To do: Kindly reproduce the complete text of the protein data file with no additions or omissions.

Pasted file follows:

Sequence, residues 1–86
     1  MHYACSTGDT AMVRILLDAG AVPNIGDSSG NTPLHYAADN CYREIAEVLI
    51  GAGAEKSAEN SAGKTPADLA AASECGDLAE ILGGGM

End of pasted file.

Sequence, residues 1–86
     1  MHYACSTGDT AMVRILLDAG AVPNIGDSSG NTPLHYAADN CYREIAEVLI
    51  GAGAEKSAEN SAGKTPADLA AASECGDLAE ILGGGM